New coffee shop opens in nearby Prospect Park

The shop appeals to those looking for another lunch option in the area.

by Diane White

Business has been flowing in steadily at Overflow Espresso Café since its soft-launch opening June 4.

The reason behind a soft-launch is to get all the kinks out before advertising to the public, general manager Kate Jensen said.

Despite no advertisements, word of mouth traveled fast, and the café has already racked up a few regulars, like Cindy Ronde.

Ronde said she heard about the café from co-workers and has visited the establishment at least five times.

Its popularity among Ronde and her nursing colleagues partially stems from the lack of other options in the Prospect Park area.

“I wish we had more places for lunch Ö there’s not as many on this part of campus,” she said, adding there’s only an Eddington’s and a Chinese restaurant besides Overflow.

However, convenience isn’t the only incentive.

“The coffee is really good Ö better than average,” Ronde said, defining average as the mediocre coffee served at big chains.

Beyond extra-fresh products and all-manual preparation, Jensen said Overflow plans to do a lot of work with local companies to further promote small businesses in Prospect Park.

The store is owned by Molly Barnhart and her father David Barnhart. He’s a silent partner and part owner of the entire building.

Prior to her father and uncle’s purchase of the building three years ago, Molly Barnhart said it housed Kemps Ice Cream headquarters. She said community support helped in purchasing the real estate.

“(David Barnhart) has chosen to be very involved in the neighborhood,” Molly Barnhart said, adding her father has owned real estate in the area for more than 20 years.

Overflow’s owners won over lifetime Prospect Park resident Melissa Miller. She said the Barnharts held a community meeting at Overflow shortly after its opening.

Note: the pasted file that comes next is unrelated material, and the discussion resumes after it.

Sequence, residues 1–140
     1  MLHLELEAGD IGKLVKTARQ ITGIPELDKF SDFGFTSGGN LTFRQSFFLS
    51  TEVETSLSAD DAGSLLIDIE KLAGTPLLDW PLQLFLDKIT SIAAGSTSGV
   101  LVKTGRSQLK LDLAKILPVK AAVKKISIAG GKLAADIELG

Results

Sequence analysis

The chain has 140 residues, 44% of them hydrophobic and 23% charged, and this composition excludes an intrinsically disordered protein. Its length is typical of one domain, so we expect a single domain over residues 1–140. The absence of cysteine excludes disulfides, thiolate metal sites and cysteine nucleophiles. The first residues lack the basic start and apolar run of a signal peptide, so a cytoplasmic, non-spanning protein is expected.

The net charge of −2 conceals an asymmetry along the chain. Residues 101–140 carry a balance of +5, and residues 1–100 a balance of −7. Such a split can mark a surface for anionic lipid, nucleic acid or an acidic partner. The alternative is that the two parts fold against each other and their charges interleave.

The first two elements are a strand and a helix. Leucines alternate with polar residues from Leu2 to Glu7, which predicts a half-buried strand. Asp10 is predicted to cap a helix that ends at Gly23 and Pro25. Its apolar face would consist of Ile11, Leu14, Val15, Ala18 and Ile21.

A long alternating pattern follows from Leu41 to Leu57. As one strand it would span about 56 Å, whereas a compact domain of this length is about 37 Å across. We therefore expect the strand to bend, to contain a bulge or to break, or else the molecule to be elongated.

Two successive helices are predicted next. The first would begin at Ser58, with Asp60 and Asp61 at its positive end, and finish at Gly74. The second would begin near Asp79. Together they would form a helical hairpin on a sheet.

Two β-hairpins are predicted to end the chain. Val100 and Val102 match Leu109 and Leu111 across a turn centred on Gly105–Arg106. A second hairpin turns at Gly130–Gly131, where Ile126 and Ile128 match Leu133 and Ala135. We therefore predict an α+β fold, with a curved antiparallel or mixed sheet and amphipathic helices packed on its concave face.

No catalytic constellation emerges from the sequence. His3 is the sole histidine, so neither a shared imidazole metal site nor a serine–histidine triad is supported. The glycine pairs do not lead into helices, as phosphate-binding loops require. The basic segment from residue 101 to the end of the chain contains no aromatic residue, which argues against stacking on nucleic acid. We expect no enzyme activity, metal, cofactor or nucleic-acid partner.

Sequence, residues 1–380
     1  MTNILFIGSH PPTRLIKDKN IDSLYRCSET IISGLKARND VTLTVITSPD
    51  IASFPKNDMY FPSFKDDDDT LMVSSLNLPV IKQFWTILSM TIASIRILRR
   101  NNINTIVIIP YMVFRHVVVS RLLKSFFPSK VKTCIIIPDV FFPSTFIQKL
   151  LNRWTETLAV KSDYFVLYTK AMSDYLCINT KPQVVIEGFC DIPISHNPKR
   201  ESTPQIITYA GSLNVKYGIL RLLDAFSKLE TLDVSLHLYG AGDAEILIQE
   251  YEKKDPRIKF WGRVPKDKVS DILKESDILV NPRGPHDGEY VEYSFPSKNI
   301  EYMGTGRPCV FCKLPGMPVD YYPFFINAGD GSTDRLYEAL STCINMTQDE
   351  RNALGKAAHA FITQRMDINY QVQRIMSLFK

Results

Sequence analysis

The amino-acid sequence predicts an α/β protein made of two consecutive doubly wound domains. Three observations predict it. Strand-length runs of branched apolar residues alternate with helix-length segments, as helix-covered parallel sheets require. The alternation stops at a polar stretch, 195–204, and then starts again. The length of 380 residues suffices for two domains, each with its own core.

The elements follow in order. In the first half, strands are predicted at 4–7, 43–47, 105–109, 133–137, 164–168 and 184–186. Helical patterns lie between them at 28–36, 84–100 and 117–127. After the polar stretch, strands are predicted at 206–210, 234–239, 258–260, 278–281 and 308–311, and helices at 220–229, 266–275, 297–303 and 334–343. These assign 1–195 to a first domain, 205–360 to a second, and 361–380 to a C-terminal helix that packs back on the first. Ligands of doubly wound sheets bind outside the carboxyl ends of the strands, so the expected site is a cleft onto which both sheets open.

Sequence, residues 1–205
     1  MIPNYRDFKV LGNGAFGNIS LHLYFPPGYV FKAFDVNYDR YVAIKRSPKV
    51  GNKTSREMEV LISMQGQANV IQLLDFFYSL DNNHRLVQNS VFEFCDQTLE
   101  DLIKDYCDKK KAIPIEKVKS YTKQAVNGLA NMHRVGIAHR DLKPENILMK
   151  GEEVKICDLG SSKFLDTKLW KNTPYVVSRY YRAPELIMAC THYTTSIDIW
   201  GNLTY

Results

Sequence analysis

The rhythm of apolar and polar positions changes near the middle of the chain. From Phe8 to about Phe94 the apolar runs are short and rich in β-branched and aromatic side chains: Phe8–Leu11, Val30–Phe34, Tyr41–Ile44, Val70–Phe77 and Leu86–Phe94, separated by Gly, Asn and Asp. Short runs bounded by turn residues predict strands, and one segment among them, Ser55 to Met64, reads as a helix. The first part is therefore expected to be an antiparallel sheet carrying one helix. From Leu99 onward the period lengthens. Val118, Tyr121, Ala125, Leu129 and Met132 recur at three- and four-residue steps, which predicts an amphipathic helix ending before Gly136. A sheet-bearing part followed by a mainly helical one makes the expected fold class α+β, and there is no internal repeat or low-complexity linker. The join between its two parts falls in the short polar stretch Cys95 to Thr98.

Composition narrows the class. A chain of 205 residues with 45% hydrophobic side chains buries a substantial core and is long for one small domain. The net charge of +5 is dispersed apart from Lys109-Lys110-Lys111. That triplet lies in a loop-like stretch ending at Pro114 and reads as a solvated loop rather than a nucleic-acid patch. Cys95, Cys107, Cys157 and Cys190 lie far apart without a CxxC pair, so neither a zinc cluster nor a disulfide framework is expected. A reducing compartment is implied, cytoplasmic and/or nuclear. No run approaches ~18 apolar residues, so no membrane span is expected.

“The neighborhood is glad to have it here,” Miller said, referring to the café as tasteful and friendly.

With two floors of seating and intimate spaces to visit, Overflow offers an artful ambience. There is even a large-scale coffee-cup fountain, which Molly Barnhart said didn’t come easily to anyone working on it.

After a session of less-than-successful “Googling” for design ideas, Molly Barnhart said she began e-mailing University art professors.

Ceramics professor Tom Lane answered her e-mail and the two met in October to begin brainstorming.

They discussed the size, color and quotes to be engraved on the giant mug, Molly Barnhart said.

Lane found the piece difficult to throw on his wheel, though embossing the quotes letter-by-letter into the wet clay proved to be the most challenging part.

“There’s a human component to it, some letters are deeper Ö some even a bit crooked,” Lane said of his work.

The cup embodies the way the Barnharts think about life, Lane said.

“They’re good people Ö they want to do it right,” he said of their business’s presence in the area.

An example of their generosity can be seen outdoors on a large deck overlooking mild construction.

What began as an understanding with the city of Minneapolis to landscape a percentage of the lot turned into a pond, waterfall and creek.

“My dad took it to the next level,” Molly Barnhart said, adding that part of their effort is to beautify the mostly industrial area for residents and visitors.

The project is expected to be finished by the end of August.

Shortly after, the real action will begin with a week-long grand opening celebration in September.

Tentative plans include music, raffles and a jingle contest – the winning tune will likely be broadcast over the radio.

With the upcoming publicity, chains and other privately owned shops in the Dinkytown and Stadium Village areas have yet another coffee shop to contend with.

A Caribou Coffee opened a few months ago in Stadium Village.

Its manager, Mike Robideau, wasn’t particularly concerned about competition from Overflow but instead feels the heat from all other coffee shops in its proximity.

“Everybody brings something different,” he said, adding personality, atmosphere and specialty products are elements that enhance a customer’s experience.

In defense of chain coffeehouses, Robideau said Caribou operates under very stringent standards.

Rules include keeping coffee for only an hour and carrying a bag of beans no longer than 21 days.

“Chains just have a bad reputation Ö independent shops have a good following,” Robideau said, adding people believe chains are all about profit rather than quality.